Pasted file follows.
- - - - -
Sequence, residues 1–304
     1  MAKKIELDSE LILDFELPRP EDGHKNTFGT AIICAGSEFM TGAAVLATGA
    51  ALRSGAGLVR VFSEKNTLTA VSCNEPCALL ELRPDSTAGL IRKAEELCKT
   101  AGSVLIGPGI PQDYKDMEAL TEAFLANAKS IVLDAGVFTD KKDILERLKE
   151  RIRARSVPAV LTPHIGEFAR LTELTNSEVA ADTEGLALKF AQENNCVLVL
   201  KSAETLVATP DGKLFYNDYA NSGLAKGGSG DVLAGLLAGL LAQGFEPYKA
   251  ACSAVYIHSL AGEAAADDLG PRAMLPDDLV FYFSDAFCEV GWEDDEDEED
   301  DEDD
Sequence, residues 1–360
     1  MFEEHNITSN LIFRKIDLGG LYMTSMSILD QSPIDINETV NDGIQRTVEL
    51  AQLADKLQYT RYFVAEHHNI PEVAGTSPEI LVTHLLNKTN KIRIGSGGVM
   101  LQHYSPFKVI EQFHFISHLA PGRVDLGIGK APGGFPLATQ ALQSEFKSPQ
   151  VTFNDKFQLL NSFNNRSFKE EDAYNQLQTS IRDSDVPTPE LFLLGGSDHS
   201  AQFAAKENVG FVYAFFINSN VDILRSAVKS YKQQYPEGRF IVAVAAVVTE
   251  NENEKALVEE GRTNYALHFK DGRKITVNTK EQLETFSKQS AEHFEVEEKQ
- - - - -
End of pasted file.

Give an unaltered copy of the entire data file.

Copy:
Sequence, residues 1–304
     1  MAKKIELDSE LILDFELPRP EDGHKNTFGT AIICAGSEFM TGAAVLATGA
    51  ALRSGAGLVR VFSEKNTLTA VSCNEPCALL ELRPDSTAGL IRKAEELCKT
   101  AGSVLIGPGI PQDYKDMEAL TEAFLANAKS IVLDAGVFTD KKDILERLKE
   151  RIRARSVPAV LTPHIGEFAR LTELTNSEVA ADTEGLALKF AQENNCVLVL
   201  KSAETLVATP DGKLFYNDYA NSGLAKGGSG DVLAGLLAGL LAQGFEPYKA
   251  ACSAVYIHSL AGEAAADDLG PRAMLPDDLV FYFSDAFCEV GWEDDEDEED
   301  DEDD
Sequence, residues 1–360
     1  MFEEHNITSN LIFRKIDLGG LYMTSMSILD QSPIDINETV NDGIQRTVEL
    51  AQLADKLQYT RYFVAEHHNI PEVAGTSPEI LVTHLLNKTN KIRIGSGGVM
   101  LQHYSPFKVI EQFHFISHLA PGRVDLGIGK APGGFPLATQ ALQSEFKSPQ
   151  VTFNDKFQLL NSFNNRSFKE EDAYNQLQTS IRDSDVPTPE LFLLGGSDHS
   201  AQFAAKENVG FVYAFFINSN VDILRSAVKS YKQQYPEGRF IVAVAAVVTE
   251  NENEKALVEE GRTNYALHFK DGRKITVNTK EQLETFSKQS AEHFEVEEKQ